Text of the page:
Tests on a natural surface were conducted in a field located in San Antonio de Belén while tests on artificial turf were on a field in the Central canton of Belén. This field is designed for high traffic and the surface is 55 mm thick. Turf was installed on sand and crushed rubber (FIFA 1 star) in 2008, with a use life of approximately 10 years. Both fields meet FIFA’s regulatory measurements and provide appropriate conditions for playing professional soccer.

Procedures

The present study was conducted at the beginning of the club’s pre-season, in two sessions with a 48 hr rest in between. In addition, both sessions took place at the same time (8:00 AM) and players had to wear the same types of shoes and clothing.

The same warm-up exercises were conducted by the club’s physical trainer in both sessions, followed by 20 minutes of practice to assimilate the technical and agility tests. The tests were then applied in the following order: 1) technical test, 2) agility test, and 3) RSA test (which consists of eight 30-meter sprints with 30 seconds of active rest between each repetition), concluding with a small-sided game (32 x 32 meters), 5 players on each side (the same 10 players in both sessions). This activity provided kinematic and physiological data measured using GPS; each small-sided game was recorded for further analysis using the template prepared by Gutiérrez et al. (2015) for technical actions of each team. The same procedure detailed previously was used in both sessions, on both natural grass and artificial turf.

Statistical Analysis

Descriptive statistics were used to present the characteristics of the samples and calculate averages and standard deviations. Data normality was evaluated using the Shapiro-Wilk test. In addition, the Student’s paired t-test was used to compare dependent variables based on field surface (natural and artificial). Technical characteristics of the small-sided game on the different surfaces were also described, where relative differences were calculated by subtracting the results obtained on the artificial surface from the results obtained on the natural surface, and then expressed as a percentage of the result obtained on natural grass ((CA-CN) /CN), using the data obtained by each team in the template. SPSS (Statistical Package for the Social Sciences, IBM, SPSS Statistics, V 21.0 Chicago, IL, USA) was used. Significance for the decision making was p <.05.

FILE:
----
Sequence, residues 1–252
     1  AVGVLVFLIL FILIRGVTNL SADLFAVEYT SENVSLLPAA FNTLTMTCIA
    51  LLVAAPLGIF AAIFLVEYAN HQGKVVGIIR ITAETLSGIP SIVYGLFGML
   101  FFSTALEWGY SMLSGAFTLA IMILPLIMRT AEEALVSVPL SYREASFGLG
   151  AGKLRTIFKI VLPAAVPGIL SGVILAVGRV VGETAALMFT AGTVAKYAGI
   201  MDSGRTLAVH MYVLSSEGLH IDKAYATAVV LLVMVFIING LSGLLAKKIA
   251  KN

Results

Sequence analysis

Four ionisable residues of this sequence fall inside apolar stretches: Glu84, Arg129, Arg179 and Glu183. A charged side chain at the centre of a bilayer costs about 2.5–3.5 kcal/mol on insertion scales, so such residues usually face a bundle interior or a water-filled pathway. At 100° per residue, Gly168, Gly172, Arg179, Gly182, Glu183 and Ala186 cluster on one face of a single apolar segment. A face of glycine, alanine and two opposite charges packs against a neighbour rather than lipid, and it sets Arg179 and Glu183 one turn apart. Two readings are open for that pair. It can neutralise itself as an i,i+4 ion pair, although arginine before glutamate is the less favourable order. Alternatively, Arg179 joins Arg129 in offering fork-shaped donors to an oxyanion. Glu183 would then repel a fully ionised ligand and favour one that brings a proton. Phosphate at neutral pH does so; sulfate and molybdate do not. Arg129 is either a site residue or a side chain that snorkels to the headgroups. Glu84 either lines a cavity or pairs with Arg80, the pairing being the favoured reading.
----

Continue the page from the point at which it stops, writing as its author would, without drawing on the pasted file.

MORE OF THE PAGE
Results

Table 1 shows averages obtained during the technical, agility, and RSA tests conducted in the different fields.

Table 1 shows that no statistically significant differences were found in the results obtained from the technical test (p=.93), the agility test (p=.10), and the fatigue index (p=.92) evaluated on each type of surface.

Table 2 shows the average values of the physiological and kinematic variables measured using GPS in an eight-minute small-sided game.

Statistically significant differences were found for average heart rate (p<.001), maximum heart rate (p=.02), body load (p=.03), and total impacts (p=.03). In all cases, averages were higher on the natural grass surface. No statistically significant differences were reported for the other variables (p>0.05).

Table 3 presents differences in technical actions obtained while playing a small-sided game for 8 minutes in the two different types of surfaces.

The percentage of change observed between the types of surfaces describes the tendencies of change for both types of surfaces, given that both teams improve or worsen the performance of some of the technical actions; for instance, the red team reported a 65.8% improvement in positive passes on artificial turf, but at the same time it showed a 14.9% decrease in direct shots on goal on that surface. The descriptive information shows that technical actions did not occur with equal frequencies, suggesting that the pattern of play may be changing and adapting depending on the type of surface used.

Discussion

This is the first study in the country comparing the effects of artificial and natural surfaces in Costa Rican soccer players’ physical and technical performance.

As indicated in the introduction, the main motivation for conducting this study was the proliferation of soccer fields with artificial turf both locally and internationally and the existing debate about which surface is better and safer. This difference of opinions is reflected in articles published in the local newspaper La Nación, which constantly addresses this issue. For instance, in the article entitled “Natural o artificial?” Díaz (2007) states that natural grass is preferable, but events in Costa Rica show that it is convenient for soccer to change to artificial turf for economic reasons. However, as shown in the results of the present study, statements like this lack scientific foundation. In addition to economic variables (which have not been addressed in this study), there are physiological and technical variables that are directly related to soccer players’ performance which must receive more consideration to decide whether to invest in soccer fields with natural grass or artificial turf.